Horse Vetting in Somerset, Dorset and Devon with Evolution Equine Vets
Our experienced equine vets are happy to travel far and wide to examine horses on behalf of our clients. We recommend that all horses undergo a veterinary exam prior to purchase. This helps to assess their soundness, health and suitability for your intended use.
What is a Pre-Purchase Examination (Vetting)?
The pre-purchase examination is standardised and carried out in accordance with guidelines from both the Royal College of Veterinary Surgeons (RCVS) and the British Equine Veterinary Association (BEVA). The intoduction from their guide is here. This means that the same vetting examination is performed on every horse we examine, however the interpretation of findings will take your specific requirements into account. It is important to remember that much like humans, very few horses are perfect! This means that in most pre-purchase examinations we identify some abnormal findings. The long-term implications of any abnormality found will be discussed and we are therefore able to give an opinion as to the suitability of the horse for its intended use.
A pre-purchase examination identifies detectable abnormalities on the day of the examination. It does not give a long-term guarantee of future health or soundness.
The extent of exam required will vary according to your needs, either a 2 stage or a 5 stage vetting / pre-purchase exam may be suitable. This can be discussed with Evolution Equine Vets when enquiring about 2-stage or 5-stage vetting, but here is a brief overview of our vetting process.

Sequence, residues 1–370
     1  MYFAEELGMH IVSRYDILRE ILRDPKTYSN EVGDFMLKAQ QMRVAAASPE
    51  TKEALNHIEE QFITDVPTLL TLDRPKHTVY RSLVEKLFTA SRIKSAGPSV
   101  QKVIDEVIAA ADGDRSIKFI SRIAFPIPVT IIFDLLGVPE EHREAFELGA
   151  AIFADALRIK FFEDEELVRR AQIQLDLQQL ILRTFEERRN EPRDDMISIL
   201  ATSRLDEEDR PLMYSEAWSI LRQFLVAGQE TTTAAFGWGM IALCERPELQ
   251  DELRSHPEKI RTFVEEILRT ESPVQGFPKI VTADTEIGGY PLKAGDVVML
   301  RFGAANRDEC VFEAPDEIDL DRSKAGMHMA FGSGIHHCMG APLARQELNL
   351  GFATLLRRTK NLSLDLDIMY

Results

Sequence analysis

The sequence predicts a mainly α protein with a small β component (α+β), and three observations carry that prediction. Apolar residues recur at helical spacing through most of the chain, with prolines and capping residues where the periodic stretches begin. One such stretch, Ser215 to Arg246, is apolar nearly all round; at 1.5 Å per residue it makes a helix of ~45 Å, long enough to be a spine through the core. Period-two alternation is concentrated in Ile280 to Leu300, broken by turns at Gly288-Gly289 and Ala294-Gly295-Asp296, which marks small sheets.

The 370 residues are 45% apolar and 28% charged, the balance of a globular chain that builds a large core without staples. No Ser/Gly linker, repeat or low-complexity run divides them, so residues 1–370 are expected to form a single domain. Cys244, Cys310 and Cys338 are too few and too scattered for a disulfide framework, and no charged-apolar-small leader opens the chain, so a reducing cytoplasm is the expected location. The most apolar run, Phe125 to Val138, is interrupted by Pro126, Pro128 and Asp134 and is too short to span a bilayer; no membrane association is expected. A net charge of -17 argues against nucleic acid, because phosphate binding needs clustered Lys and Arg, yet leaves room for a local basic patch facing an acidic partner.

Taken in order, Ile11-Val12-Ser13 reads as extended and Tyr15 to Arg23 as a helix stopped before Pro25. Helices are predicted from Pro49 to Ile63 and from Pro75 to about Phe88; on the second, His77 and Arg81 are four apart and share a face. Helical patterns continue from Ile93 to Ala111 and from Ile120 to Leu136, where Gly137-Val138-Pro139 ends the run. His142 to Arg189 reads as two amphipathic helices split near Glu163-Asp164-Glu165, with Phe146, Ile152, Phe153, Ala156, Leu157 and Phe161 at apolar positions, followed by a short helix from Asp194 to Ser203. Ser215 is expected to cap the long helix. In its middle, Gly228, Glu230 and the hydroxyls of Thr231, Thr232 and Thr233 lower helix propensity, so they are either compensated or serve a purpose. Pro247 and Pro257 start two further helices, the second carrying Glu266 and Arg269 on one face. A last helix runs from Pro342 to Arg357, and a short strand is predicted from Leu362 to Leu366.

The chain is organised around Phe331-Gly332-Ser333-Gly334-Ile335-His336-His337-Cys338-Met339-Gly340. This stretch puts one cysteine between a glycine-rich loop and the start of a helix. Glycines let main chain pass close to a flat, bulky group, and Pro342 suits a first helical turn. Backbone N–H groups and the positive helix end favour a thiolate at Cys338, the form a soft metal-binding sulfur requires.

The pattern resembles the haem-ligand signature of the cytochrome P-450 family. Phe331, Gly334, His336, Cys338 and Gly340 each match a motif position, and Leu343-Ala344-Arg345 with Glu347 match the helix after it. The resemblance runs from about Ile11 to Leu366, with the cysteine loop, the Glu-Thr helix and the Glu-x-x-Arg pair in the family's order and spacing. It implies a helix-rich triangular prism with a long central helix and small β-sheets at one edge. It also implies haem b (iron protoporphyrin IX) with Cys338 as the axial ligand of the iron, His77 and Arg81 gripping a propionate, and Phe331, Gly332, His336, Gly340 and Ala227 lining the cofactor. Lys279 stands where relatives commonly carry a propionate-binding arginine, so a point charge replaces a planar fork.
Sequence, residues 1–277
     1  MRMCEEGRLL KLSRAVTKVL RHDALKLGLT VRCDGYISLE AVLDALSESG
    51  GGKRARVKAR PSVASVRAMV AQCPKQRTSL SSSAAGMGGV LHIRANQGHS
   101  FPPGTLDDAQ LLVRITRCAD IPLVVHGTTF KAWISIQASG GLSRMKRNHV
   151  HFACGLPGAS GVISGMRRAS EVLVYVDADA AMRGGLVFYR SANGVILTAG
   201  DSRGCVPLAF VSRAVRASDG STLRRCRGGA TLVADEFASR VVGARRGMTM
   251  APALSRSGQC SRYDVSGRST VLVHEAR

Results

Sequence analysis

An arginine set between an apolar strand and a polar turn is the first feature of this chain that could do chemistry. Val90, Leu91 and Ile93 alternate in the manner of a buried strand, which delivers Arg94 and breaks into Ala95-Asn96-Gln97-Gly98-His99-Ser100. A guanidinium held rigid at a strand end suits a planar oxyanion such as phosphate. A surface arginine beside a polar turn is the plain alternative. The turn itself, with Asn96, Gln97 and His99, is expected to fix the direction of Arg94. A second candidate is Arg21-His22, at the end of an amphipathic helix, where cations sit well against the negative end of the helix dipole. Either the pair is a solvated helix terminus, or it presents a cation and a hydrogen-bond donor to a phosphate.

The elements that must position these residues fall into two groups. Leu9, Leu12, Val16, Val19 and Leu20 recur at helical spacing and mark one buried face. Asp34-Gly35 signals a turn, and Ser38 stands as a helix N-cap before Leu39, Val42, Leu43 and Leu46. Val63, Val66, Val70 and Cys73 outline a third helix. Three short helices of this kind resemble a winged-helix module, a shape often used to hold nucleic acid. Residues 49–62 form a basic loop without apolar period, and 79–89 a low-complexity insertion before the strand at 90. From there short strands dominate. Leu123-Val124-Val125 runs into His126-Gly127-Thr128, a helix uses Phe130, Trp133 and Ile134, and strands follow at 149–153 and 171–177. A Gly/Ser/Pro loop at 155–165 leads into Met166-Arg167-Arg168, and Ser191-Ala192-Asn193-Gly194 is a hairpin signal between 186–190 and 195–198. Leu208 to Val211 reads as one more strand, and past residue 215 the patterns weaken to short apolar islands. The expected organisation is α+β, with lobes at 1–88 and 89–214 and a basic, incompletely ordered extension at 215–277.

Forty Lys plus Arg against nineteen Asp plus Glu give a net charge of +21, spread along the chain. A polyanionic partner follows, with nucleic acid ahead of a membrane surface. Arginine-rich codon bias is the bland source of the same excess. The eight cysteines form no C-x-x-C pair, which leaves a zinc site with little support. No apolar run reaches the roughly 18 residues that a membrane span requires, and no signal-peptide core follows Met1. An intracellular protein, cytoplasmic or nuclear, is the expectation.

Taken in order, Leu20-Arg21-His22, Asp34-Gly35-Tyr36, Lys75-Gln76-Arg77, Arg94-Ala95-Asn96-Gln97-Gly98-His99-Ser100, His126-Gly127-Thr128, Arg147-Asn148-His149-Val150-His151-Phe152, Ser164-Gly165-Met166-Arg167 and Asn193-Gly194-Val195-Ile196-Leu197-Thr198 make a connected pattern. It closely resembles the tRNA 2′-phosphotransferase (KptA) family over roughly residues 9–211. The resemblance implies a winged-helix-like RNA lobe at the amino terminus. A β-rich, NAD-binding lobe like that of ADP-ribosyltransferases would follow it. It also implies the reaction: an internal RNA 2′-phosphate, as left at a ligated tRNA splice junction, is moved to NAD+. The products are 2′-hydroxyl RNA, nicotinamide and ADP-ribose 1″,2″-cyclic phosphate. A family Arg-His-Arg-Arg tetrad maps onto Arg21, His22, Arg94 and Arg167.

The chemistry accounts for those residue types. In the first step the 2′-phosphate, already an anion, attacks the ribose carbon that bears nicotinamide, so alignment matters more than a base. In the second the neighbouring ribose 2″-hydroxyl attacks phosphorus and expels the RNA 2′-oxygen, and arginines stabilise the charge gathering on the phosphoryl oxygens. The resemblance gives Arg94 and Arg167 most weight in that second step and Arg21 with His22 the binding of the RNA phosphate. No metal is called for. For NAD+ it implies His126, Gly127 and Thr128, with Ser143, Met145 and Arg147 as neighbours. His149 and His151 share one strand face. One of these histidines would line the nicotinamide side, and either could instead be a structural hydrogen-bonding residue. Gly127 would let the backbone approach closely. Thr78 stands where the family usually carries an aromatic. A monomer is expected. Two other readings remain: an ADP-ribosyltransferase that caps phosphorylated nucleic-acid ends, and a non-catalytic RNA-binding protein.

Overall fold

What type of Pre-Purchase Examination should I have?
The five stage vetting examination takes the following format:
Equine Vetting Stage 1: Preliminary examination. Identification of the horse including the presence of a microchip. A clinical examination of the horse including assessment of the eyes, heart, lungs, teeth, feet, limb and body palpation.
Equine Vetting Stage 2: Trot up. Walk and trot in hand in a straight line and flexion tests, possible lunging. Turning and backing up.
Equine Vetting Stage 3: Strenuous ridden exercise. Unbroken horses may be lunged.
Equine Vetting Stage 4: Period of rest. This may elicit any stiffness when the horse is re-examined at the 5th stage.
Equine Vetting Stage 5: Final Trot up, which may include repeat flexion tests and possible lunging on firm and soft surface where appropriate. With the vendor’s permission a blood sample will be obtained at this stage of the vetting, this is stored for 6 months.
In some circumstances the purchaser may wish to have a more limited examination involving only stages 1 and 2. In this instance purchasers should be aware that a two stage examination does not provide the same comprehensive information as a five stage examination about the horse. This means that some abnormalities may not be identified.
What additional procedures can be performed?
It is not uncommon for additional procedures to be performed either at the request of the purchaser or the insurance company. These include radiography, ultrasound scans, endoscopy, pregnancy diagnosis and a breeding soundness exam. As mentioned above, a blood sample is taken and stored for six months. This can be analysed for the presence of medications if required.
Are there any requirements for a Pre-Purchase Examination?
The horse should be clean, well groomed and stabled for a minimum of three hours prior to the vetting. The horse’s feet should be recently shod/trimmed, but the use of hoof oil should be avoided. A hard level surface is required for the trot up portions of the examination and a school or other appropriate area is required to watch the horse exercising. A dark stable is also required to perform a detailed eye exam. In some cases, the facilities may not be suitable for certain aspects of the vetting to be performed safely for the horse and handler. In these instances, we reserve the right to stop the vetting.